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Little Miss Sunshine

A great comedy, which is a rare treat these days. Plenty of laughs to be had with this one.

A dysfunctional Albuquerque family of six pile into a VW bus with a bunk clutch to drive seven hundred miles to California so that their seven-year-old daughter can compete in the “Little Miss Sunshine” beauty pageant that she’s earned a spot in after a finalist drops out. It’s a delicious satire on the absurdity of these types of contests where selfish mothers dress up their second grader as Jon Benet Ramsey in an effort to vicariously live a life of adoration that their own plastic souls never had the chance to experience.

On the way home from the flick I was connecting some dots in my head. The six main characters (the struggling motivational speaker father Richard and his heroin addicted WWII vet father, his wife, her gay suicidal brother Frank, her adolescent color blind son with a hopelessly doomed air pilot dream, and the couple’s seven-year-old Olive) with all their quirks provided a stage of unlimited relationship possibilities. One interesting aspect I noticed throughout the film was the constantly shifting Mentor/Mentored relationships, where each of the six characters played the role on both sides of the equation. Namely:

  • Richard (mentor to everybody, mentored by his wife)
  • Grandpa (mentor to Olive and son, mentored by Frank)
  • Wife (mentor to Richard, mentored indirectly by her son)
  • Frank (mentor to son, mentored by Olive)
  • Son (mentor to Olive, mentored by Frank)
  • Olive (mentor to Richard, mentored by Grandpa)

I’ll give it four out of five stars with a recommendation. The only thing I’d really be critical of was the ending, which felt a little contrived and flat, and overlooked a few opportunities.


When Olive was about to take the stage for her portion of the talent competition, I was on the edge of my seat. I was waiting for her to pull something out of her bag of tricks of truly admirable value, such as a cool magic show or perhaps a kick-ass tap dancing routine. Something surprising. Something wowing. Something that would truly set her apart from all the talentless Ramsey wannabes.

Instead, she launched into a dance routine to Rick James’ Superfreak, which in a very unbelievable way sent the place in an uproar. Come on. It wasn’t THAT bad. Seriously, was this really enough to throw the entire family in jail? Maybe if Kinnear was naked.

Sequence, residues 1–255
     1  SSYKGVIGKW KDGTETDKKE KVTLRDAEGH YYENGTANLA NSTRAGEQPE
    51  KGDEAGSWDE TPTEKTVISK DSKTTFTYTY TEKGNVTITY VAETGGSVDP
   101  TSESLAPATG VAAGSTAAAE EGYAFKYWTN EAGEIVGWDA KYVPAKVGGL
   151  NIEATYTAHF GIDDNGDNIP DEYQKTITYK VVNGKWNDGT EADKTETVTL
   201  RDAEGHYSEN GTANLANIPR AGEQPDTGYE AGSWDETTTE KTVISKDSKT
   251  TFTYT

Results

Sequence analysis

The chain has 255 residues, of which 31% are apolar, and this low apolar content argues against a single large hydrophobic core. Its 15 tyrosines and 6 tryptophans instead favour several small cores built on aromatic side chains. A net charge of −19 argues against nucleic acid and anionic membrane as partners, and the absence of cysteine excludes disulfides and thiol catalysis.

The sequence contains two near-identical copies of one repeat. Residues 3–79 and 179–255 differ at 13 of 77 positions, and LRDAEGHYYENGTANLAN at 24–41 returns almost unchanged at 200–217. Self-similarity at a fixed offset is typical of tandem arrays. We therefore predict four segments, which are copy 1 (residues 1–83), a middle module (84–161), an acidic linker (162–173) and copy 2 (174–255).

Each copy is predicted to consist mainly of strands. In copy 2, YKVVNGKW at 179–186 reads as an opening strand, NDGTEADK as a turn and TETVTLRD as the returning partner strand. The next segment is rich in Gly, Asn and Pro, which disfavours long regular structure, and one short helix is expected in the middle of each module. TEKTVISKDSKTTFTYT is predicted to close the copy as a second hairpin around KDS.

I suppose the message left with us on this one is that “families, despite their differences, need to stick together”, or something like that. OK, that’s cool. But a little weak.

I would’ve liked something stronger, where Olive reached deep down and proved that there’s more to a person than a pretty face. Anything. She could’ve juggled, she could’ve told jokes, she could’ve leveraged her differences to change the views on what beauty is. Or at least make us think about it.

Instead, when it was all said and done, I left the theater feeling that Olive really wasn’t that different from all the other talentless contestants. Just a little chubbier, with a humorously odd family from Albuquerque.

2 comments… add one
  • luke September 5, 2006, 12:13 pm

    i thought the ending was completely satisfying. forget the mentor / mentored relationships, because this is an ensemble film.

    the reason i enjoyed this movie so much is because the theme, which i think you sidestepped a bit is such a great one. namely: is winning everything? this theme, and a study on our culture obsessed with winning, is deeply explored throughout the movie.

    i enjoyed how they portrayed everyone, most explicitly richard, frank, and the son, becoming a loser. immediately after they realize their failure, they each hit a rebound.

    the two most poignant parts of the film: olive and grandpa’s conversation in the hotel room. “do you think i’m pretty? daddy hates losers.” she doesn’t care about losing as we see it, she’s worried about losing her dad’s love. second part, after the son freaks out. the mom says “what is there to say? we just have to wait.” olive goes and hugs him. (notice the gorgeous shot framed the same way as the scene in the beginning where richard tells olive it’s not worth the trip unless she thinks she can win). that’s all she had to say; he’s ready to go.

    i think this couldn’t have ended much stronger. the whole movie is reframing the idea of talent and winning. to want olive to prove that she is a beauty queen, or exceptionally talented would be to weaken the strength of that thematic reframing, in my opinion.

  • jaced.com September 5, 2006, 12:53 pm

    The movie’s numbers show that many agree with you. The film’s finale is probably one of the most popular payoffs in recent history.

    Not sure why a study of the individual relationships should be disregarded due to the “ensemble film” label. That’s like disregarding a base hit by virtue of the fact that baseball’s a “team sport”.

    I suppose the “winning isn’t everything” theme is valid. But really, aren’t we left with the message that Olive is a winner in her own unique way? And the rest of the ensemble, for that matter? Or are we to think of them as happy losers?

    What’s the point of a rebound if there’s no victory? Rebound to what, exactly?

    I would’ve liked to see Olive set it up with 30 seconds of something before the Rick kicked in. Maybe some of Grandpa’s jokes. Give ’em a real reason to call the cops.

    Seen the Mike Judge flick?

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